Among the greatest of all psychological horror movies, its impact made even greater by the fact that many of its most memorable moments were original ones (which inspired other filmmakers to copy its tropes exhaustively for the rest of the century and on into the next), Ealing Studio’s 1945 Dead of Night still brings forth shivery nightmares of both the waking and sleeping variety.
The Production: 4.5/5
Among the greatest of all psychological horror movies, its impact made even greater by the fact that many of its most memorable moments were original ones (which inspired other filmmakers to copy its tropes exhaustively for the rest of the century and on into the next), Ealing Studio’s 1945 Dead of Night still brings forth shivery nightmares of both the waking and sleeping variety. An anthology of supernatural tales in varying degrees of creepiness and with tones ranging from comic to horrific, Dead of Night has lost none of its power to generate fear and provoke endless discussions about its meanings, ironies, and improbabilities.
Architect Walter Craig (Mervyn Johns) goes to Pilgrim’s Farm to see potential client Eliot Foley (Roland Culver). When he arrives at the house, he gets the feeling that he has been there before. Once inside, he meets a group of people who seem oddly familiar even though he has never met any of them in his life. He tells them that he has dreamed about each of them and begins to list events that occurred in his nightmare. Walter’s strange revelations begin a conversation among the group, and several persons present admit to having experienced a strange, unexplainable event, and they each tell their stories to him. All the while, psychiatrist Dr. Van Straaten (Frederick Valk) attempts to explain away the supernatural elements of their stories with rational explanations of natural events.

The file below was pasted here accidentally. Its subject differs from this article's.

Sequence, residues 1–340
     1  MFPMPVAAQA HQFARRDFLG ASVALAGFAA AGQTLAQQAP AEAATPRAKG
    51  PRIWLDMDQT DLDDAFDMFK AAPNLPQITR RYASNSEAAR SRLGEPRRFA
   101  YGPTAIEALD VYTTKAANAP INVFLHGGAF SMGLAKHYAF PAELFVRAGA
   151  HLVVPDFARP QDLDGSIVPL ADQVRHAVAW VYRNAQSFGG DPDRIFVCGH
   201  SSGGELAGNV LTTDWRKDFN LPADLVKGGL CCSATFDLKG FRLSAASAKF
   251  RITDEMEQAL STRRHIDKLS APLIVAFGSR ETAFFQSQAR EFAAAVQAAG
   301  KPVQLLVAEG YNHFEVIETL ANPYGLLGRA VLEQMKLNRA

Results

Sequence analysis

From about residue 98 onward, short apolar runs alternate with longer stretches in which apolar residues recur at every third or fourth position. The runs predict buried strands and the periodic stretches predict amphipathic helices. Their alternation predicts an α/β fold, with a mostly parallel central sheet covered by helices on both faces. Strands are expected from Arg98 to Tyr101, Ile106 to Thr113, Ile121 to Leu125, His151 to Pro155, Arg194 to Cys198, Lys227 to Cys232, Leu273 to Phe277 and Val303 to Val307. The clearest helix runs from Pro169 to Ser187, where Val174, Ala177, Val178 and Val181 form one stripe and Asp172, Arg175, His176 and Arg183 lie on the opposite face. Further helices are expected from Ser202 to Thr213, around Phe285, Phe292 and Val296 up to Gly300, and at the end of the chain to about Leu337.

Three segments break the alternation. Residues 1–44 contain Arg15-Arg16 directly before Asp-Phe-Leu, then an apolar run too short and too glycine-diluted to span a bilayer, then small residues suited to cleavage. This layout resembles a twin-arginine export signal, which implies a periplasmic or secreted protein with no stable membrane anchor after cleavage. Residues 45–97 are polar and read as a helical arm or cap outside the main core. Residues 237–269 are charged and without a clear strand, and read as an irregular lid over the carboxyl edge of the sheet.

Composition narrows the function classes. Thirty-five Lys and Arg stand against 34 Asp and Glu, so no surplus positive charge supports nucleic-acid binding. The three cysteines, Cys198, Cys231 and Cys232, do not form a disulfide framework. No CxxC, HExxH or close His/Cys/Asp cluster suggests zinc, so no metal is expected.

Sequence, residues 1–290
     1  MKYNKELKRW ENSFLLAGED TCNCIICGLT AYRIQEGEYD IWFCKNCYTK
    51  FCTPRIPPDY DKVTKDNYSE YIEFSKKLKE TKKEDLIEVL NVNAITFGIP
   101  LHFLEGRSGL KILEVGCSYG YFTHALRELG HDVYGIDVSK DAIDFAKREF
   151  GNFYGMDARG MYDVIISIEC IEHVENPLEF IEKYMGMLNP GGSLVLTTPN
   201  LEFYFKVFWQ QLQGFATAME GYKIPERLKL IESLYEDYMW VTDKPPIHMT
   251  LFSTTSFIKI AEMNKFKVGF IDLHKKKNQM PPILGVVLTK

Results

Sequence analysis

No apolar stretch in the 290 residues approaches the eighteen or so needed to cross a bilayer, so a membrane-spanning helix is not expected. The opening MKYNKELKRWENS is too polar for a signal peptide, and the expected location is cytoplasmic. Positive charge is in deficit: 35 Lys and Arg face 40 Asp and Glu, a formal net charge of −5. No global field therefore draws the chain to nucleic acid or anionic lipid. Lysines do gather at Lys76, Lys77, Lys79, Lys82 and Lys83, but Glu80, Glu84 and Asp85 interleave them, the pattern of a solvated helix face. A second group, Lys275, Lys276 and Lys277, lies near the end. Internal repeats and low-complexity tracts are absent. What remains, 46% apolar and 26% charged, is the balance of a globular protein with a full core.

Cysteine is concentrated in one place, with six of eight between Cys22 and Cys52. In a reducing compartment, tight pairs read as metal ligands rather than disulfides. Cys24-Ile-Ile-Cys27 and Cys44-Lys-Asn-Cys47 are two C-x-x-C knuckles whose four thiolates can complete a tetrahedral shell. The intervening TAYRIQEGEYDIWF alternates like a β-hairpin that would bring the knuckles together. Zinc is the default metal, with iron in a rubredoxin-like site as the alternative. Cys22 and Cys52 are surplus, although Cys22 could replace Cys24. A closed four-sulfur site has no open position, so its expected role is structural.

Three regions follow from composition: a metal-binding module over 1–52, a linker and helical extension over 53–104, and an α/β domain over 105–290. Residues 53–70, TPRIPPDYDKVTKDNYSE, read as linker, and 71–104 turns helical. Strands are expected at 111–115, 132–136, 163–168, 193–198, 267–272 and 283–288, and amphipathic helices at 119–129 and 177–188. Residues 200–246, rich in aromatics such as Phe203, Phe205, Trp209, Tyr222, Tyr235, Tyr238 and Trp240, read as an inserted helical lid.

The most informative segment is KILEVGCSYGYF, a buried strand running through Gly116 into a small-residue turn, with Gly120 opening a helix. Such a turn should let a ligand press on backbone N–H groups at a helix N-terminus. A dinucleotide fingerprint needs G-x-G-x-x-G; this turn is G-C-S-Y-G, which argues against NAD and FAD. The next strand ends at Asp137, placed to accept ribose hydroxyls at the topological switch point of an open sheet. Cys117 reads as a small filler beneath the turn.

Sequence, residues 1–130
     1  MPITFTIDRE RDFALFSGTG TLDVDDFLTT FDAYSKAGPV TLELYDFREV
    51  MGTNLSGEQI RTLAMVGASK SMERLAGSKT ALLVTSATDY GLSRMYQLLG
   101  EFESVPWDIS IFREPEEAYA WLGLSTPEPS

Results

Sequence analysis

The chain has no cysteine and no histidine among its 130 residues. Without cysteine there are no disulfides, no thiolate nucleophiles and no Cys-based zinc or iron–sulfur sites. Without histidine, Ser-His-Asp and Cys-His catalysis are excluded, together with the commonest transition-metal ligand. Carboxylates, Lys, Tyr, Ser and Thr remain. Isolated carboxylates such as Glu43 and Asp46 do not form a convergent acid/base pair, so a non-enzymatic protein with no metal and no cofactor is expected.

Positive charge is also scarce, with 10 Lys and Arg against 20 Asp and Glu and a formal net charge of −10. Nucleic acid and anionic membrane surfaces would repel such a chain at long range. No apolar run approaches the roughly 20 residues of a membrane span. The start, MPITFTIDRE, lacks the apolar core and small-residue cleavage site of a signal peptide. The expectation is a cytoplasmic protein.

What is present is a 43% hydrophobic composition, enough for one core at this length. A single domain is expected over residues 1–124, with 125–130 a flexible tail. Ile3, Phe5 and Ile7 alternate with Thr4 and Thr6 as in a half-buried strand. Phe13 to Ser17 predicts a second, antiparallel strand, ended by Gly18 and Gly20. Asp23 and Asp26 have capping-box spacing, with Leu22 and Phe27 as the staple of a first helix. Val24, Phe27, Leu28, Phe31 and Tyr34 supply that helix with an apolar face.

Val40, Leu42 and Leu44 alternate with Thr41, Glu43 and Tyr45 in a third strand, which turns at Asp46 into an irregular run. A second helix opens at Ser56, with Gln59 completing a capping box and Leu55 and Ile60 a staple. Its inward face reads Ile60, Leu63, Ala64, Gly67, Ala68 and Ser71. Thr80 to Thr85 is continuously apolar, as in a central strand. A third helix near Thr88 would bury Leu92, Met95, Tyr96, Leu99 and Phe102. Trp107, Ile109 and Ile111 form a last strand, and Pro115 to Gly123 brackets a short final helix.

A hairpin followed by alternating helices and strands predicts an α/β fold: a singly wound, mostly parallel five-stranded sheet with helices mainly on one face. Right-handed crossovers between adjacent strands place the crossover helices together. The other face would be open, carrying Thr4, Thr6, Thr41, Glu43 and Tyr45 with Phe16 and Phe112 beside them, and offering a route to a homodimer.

John V. Baines, Angus MacPhail, and T.E.B. Clarke’s screenplay has some of its basis in the tales of E.F. Benson and H.G. Wells, but much of the script is original in nature. What makes the film so indelible is that the framing story which sets up each of the five unusual tales has its own sense of creeping, shuddery unease, and its use becomes even more dazzling when we reach the film’s coda which ties the tales up in an inarguably un-neat, considerably ironic little bow dripping with misgivings. As for the tales themselves, four of the five are masterful: race car driver Hugh Grainger’s (Anthony Baird) encounter with an overly friendly and inviting hearse driver (Miles Malleson), cheery Sally O’Hara’s (Sally Ann Howes) strange encounter with the ghost of the infamous murdered child Francis Kent, newly married Joan Cortland (Googie Withers) relating her and her husband Peter’s (Ralph Michael) uneasy dealings with a haunted mirror, and Dr. Van Straaten’s case concerning a tortured ventriloquist (Michael Redgrave) and his uncooperative dummy. Only the comic interlude narrated by head of the house Eliot Foley about friendly golfing rivals George Parratt (Basil Radford) and Larry Potter (Naunton Wayne) vying for the hand of the lovely Mary Lee (Peggy Bryan) slightly disappoints in this heady company, but its intention is clear: it’s a palette cleanser to set the audience up for the truly terrifying ventriloquist’s tale. Basil Dearden directs the framing story and the first tale offering a smooth and solid start to the terrors (and using nightmarish camera angles at the climax when things go whirling out of control) with the other directors handling their tales with great dexterity. Alberto Cavalcanti takes the ghost story with the dead child and the ventriloquist’s saga (each shuddery in its own way) while Robert Hamer handles the haunted mirror story, and comedy directing legend Charles Crichton inserts what drollness he can with the golf buddies’ account. If the script has a weakness, it’s with the use of the psychiatrist who’s always attempting to bring rationality to these supernatural stories. He ends up appearing a fool when it’s obvious that for these events, no explanation is good enough or indeed necessary at all.